Any film fan should notice the problem with this. If we’re only reaching a small number of the population when it comes to film making, then clearly we’re reducing the pool we collect talent from. Imagine the films that could have been produced if the film industry was more accessible to potential great artists. We have a responsibility to recognise this inequality within the industry, and to demand a change. Otherwise, we’ll just be stuck with more films of white dudes doing white things.
The Oscars is a chance to celebrate the very best in film. From actors to directors, musical scores to animation, and everything in between, the Oscars are without doubt one of the biggest and most celebrated award ceremony in the world. So it is no surprise that it is under constant scrutiny to make sure that it has a diverse collection of nominations, and the right nominations too. It is why this year there has been uproar over the lack of diversity in the nominations. Granted, it is a shame to see that it is mostly white male dominated, but have we not gone past that stage of accusing it of being deliberately racist?
The sole purpose of the Oscars is to celebrate the talent we have on our screens and give the chance for all those in the film industry to be recognized for that talent. So shouldn’t the people who have earned it this past year be recognized? With the likes of Eddie Redmayne and Benedict Cumberbatch amongst the nominations for Best Actor, you cannot deny their sheer talent in their fantastic depictions of two great historical icons, Stephen Hawking and Alan Turing. You have to give it to them; they deserve the nomination.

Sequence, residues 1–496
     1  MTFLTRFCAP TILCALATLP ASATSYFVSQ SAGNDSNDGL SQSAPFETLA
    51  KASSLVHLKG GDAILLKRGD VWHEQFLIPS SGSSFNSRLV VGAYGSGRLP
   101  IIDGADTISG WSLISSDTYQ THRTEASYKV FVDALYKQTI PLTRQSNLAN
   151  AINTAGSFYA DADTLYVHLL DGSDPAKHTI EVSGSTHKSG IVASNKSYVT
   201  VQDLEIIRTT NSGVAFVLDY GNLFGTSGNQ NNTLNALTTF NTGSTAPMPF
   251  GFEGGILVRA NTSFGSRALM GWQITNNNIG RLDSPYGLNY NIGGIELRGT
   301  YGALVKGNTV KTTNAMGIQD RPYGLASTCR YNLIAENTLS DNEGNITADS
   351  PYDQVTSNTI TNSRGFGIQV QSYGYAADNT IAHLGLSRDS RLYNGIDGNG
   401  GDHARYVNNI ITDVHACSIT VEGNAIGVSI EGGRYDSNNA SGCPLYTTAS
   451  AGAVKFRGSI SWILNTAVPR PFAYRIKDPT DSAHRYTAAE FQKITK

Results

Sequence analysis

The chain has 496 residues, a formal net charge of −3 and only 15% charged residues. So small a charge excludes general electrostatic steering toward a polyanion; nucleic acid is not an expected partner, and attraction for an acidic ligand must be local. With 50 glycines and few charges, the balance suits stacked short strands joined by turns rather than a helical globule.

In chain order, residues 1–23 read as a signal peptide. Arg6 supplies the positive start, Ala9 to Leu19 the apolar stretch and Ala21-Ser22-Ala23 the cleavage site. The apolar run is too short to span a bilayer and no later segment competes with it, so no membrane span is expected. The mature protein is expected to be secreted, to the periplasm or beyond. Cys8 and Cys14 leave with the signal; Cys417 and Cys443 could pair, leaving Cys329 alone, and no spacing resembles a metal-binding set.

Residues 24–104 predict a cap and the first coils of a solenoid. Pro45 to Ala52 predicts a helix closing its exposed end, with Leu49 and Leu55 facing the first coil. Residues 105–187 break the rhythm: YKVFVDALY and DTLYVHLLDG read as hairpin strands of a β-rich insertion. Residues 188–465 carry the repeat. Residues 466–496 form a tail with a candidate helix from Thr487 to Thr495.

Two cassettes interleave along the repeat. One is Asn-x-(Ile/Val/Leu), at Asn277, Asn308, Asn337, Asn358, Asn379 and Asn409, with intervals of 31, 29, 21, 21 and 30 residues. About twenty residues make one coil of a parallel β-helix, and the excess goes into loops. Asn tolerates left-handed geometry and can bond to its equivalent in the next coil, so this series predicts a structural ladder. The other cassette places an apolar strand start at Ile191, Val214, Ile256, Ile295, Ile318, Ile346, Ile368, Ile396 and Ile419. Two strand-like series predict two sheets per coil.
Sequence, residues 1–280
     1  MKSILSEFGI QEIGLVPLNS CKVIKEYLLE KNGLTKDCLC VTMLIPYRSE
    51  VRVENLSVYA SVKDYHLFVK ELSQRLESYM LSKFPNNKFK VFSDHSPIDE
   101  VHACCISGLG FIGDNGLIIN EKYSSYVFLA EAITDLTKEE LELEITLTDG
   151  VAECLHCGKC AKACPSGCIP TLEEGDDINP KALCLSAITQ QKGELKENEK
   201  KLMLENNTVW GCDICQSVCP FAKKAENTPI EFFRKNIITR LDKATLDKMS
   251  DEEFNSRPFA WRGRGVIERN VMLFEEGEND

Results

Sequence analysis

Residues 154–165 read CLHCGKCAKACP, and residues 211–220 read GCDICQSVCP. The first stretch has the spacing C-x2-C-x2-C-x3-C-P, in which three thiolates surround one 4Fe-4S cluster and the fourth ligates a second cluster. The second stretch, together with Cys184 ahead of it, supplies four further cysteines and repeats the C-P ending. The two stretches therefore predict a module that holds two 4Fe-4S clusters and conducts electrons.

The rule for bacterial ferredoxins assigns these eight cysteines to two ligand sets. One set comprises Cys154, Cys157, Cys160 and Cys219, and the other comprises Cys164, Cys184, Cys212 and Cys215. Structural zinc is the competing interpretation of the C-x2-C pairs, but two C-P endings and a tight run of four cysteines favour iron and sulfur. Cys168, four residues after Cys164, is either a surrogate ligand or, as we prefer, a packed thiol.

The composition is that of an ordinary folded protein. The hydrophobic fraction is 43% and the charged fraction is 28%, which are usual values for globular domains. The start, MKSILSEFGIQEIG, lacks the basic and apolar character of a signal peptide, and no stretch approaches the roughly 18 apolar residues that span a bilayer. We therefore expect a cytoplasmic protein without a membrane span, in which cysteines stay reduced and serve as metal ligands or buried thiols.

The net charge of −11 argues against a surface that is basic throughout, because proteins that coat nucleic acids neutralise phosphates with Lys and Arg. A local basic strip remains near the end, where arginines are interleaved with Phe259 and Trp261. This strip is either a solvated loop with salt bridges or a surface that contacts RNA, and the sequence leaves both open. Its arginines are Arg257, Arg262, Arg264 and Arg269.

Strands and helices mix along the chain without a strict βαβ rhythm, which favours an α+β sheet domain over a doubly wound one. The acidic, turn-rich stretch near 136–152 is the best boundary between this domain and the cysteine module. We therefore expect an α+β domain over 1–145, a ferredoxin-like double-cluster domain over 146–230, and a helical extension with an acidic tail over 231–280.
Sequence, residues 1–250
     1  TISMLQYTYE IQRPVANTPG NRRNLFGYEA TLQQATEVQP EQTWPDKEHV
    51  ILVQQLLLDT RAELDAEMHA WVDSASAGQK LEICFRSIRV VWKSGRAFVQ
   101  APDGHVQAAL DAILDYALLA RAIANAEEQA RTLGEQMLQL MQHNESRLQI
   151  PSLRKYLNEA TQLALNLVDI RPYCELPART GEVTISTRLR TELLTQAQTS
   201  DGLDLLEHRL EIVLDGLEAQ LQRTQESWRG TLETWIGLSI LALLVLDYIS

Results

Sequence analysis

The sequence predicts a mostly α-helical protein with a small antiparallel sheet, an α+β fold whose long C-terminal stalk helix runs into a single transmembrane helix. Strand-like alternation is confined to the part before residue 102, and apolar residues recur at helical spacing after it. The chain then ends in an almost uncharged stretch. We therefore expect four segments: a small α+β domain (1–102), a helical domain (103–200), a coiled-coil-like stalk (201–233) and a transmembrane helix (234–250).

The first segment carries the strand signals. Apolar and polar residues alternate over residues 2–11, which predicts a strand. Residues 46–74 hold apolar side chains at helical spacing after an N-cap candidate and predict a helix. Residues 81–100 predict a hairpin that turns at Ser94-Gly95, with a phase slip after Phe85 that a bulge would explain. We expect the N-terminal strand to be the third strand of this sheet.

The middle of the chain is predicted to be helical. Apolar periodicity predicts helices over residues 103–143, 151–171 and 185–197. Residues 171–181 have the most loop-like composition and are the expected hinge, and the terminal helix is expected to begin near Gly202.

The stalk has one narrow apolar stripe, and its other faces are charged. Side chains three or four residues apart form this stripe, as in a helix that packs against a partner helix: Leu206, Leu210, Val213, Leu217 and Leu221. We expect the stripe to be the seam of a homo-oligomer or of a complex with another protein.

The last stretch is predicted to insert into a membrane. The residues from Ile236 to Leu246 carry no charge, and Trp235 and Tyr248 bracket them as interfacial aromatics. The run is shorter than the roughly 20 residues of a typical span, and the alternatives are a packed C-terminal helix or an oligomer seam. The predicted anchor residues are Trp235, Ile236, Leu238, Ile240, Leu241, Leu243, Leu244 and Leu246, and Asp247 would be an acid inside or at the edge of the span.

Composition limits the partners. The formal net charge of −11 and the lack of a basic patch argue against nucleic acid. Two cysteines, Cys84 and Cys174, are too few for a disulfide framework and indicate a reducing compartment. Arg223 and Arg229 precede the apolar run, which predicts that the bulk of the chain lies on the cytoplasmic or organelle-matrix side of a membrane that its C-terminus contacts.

It is not all about whether you are white, black, female or male; it is about talent and hard work.
Then there’s the directing with the likes of Wes Anderson for ‘The Grand Budapest Hotel’ and Richard Linklater for ‘Boyhood’. You know what’s the common theme here? Talent. Not because they are white males. What has happened this year is that the best actors, screenplay, directors happens to have been done by white males.
With all the accusations of ‘racist’ and ‘sexist’ being thrown around, it is quite easy to accuse the Oscars for their lack of diversity. But when the Oscars is about awarding for talent, what do you do? Make it so there is equal racial diversity but those who really deserve it don’t get a chance because of skin colour? Or do you actually nominate the people who actually earned it this year?
Last year, ’12 Years a Slave’ did incredibly well and deservedly so. It was a phenomenal film and was made clear by that with all the Oscars it won. Even so it was concerning when Ellen DeGeneres opened the show with the joke: “Possibility number one: ’12 Years a Slave’ wins best picture,” DeGeneres said. “Possibility number two: You’re all racists.” Fair enough if it did not win then there would have been a serious issue. But not because of the racial diversity, but because of the talent and the fact it deserved to win. All the nominations this year deserve to win. Face it: it is not all about whether you are white, black, female or male; it is about talent and hard work.